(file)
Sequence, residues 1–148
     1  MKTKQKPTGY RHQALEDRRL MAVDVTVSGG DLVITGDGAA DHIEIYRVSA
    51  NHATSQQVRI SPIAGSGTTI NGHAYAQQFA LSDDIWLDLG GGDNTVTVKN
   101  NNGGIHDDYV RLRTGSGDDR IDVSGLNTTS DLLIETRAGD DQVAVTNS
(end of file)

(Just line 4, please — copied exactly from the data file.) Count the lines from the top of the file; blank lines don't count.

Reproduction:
   101  NNGGIHDDYV RLRTGSGDDR IDVSGLNTTS DLLIETRAGD DQVAVTNS